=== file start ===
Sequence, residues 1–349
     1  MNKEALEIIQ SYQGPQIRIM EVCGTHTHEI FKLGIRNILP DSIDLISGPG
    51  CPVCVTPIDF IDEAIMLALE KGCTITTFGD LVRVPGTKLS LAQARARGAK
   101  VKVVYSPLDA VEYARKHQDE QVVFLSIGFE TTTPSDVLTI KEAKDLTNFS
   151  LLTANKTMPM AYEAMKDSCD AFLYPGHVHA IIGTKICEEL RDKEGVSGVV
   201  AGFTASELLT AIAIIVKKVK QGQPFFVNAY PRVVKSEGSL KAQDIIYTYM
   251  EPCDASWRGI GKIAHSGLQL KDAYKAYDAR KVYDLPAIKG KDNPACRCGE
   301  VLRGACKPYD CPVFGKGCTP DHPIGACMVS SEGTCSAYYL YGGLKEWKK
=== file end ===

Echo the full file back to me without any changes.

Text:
Sequence, residues 1–349
     1  MNKEALEIIQ SYQGPQIRIM EVCGTHTHEI FKLGIRNILP DSIDLISGPG
    51  CPVCVTPIDF IDEAIMLALE KGCTITTFGD LVRVPGTKLS LAQARARGAK
   101  VKVVYSPLDA VEYARKHQDE QVVFLSIGFE TTTPSDVLTI KEAKDLTNFS
   151  LLTANKTMPM AYEAMKDSCD AFLYPGHVHA IIGTKICEEL RDKEGVSGVV
   201  AGFTASELLT AIAIIVKKVK QGQPFFVNAY PRVVKSEGSL KAQDIIYTYM
   251  EPCDASWRGI GKIAHSGLQL KDAYKAYDAR KVYDLPAIKG KDNPACRCGE
   301  VLRGACKPYD CPVFGKGCTP DHPIGACMVS SEGTCSAYYL YGGLKEWKK